She sat outside the market, on a stack of soda cases priced two for nine dollars. She smoked the last cigarette in the pack and watched the tourists fill up their tanks, dump their fast food bags in the bin between the pumps.
The wind shook the house, day and night. He wanted to touch her but she looked so determined, with her notebook and pen at the dining room table. He lit incense and put on a pot of coffee.
Half the time, I don't know who I am. Peering through the store front, I see another life appear, with a cash register, display cases, and a different kind of tired. We drive to the lake, park under a tree; it starts to rain.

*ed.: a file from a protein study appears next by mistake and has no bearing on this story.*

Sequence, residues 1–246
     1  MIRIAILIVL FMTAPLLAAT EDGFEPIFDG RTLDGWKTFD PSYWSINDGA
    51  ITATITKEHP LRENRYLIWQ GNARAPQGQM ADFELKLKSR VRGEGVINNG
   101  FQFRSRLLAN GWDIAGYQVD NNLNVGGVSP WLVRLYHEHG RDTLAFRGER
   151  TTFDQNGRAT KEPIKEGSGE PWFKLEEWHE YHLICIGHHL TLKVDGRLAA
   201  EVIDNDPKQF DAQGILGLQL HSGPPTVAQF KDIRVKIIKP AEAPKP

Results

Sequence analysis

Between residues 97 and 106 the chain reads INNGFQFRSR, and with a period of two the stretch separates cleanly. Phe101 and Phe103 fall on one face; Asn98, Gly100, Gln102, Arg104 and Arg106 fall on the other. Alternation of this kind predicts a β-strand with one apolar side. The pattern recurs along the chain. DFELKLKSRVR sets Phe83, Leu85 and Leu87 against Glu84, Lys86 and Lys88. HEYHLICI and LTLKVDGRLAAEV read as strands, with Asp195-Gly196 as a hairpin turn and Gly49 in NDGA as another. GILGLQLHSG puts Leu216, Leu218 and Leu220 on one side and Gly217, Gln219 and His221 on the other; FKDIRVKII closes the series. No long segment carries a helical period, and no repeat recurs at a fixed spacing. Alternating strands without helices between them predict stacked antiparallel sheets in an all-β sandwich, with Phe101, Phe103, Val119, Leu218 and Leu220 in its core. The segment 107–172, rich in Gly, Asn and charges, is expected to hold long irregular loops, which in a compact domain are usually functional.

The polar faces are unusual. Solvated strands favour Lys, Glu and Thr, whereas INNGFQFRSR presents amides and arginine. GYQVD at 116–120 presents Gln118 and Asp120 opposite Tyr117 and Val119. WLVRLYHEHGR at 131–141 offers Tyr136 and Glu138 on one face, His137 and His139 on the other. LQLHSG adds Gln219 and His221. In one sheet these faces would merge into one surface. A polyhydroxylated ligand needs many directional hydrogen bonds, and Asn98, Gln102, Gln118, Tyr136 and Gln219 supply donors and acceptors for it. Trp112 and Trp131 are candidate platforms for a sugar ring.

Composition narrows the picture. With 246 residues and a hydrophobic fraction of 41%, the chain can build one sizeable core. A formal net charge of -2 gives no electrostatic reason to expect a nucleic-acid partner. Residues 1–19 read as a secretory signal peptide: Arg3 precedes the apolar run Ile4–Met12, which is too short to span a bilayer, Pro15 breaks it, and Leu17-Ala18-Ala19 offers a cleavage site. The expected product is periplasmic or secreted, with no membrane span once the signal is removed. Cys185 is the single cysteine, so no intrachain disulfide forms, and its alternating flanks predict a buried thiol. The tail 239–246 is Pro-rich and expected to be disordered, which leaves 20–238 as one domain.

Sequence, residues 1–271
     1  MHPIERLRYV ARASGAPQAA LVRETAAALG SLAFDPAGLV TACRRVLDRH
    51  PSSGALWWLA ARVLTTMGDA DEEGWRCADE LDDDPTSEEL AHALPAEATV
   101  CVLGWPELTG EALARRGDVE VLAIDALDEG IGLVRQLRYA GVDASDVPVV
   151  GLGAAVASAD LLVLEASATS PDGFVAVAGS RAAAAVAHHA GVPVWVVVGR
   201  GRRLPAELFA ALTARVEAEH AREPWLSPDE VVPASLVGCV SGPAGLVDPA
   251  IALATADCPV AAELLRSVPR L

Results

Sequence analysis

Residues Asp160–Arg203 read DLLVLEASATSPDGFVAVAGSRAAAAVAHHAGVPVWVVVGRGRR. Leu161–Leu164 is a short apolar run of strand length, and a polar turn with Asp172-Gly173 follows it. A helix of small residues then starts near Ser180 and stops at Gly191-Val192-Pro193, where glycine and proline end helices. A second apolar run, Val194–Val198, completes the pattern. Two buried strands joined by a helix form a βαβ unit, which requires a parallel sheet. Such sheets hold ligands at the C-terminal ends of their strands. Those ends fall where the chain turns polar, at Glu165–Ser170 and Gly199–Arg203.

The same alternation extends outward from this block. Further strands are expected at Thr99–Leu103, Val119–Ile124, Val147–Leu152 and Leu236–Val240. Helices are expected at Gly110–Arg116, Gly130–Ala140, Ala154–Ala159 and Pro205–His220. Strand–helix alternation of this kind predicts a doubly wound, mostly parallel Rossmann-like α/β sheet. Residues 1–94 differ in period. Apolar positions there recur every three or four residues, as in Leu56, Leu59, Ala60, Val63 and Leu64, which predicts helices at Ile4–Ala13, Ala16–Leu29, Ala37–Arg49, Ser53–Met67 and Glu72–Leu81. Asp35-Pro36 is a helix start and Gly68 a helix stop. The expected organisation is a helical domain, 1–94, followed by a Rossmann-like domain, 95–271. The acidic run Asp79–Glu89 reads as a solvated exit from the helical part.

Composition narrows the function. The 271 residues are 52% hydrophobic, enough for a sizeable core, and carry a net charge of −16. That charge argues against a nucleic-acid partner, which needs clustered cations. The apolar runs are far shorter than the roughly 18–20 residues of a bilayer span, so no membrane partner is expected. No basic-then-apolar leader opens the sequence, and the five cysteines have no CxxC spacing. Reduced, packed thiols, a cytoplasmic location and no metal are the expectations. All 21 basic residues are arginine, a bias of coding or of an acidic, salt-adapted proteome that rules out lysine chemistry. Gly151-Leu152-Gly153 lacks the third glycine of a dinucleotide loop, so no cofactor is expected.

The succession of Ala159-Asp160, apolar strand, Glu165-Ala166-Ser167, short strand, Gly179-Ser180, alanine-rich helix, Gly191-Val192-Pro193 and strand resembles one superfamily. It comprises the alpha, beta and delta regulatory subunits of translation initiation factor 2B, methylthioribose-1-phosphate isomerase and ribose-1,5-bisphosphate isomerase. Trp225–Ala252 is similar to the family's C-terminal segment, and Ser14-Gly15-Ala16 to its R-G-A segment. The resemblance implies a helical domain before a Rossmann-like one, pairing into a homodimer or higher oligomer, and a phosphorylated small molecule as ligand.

Under the mattress was a scrapbook filled with old pictures. In the window, a chime that sang in the breeze. He was lonely, that was plain to see.
She lay on the bed, spread diagonally as if there were no one around for miles. There was a dampness in the air that clung to everything. How much is too much, she wondered.
He sat in the coffee shop, in the back, with a wrinkled newspaper and a half-gnawed bagel.
I don't know why I started this, imagining.
She wrapped a quilt around her shoulders, searched the dark night for a sliver of moon but found only sky.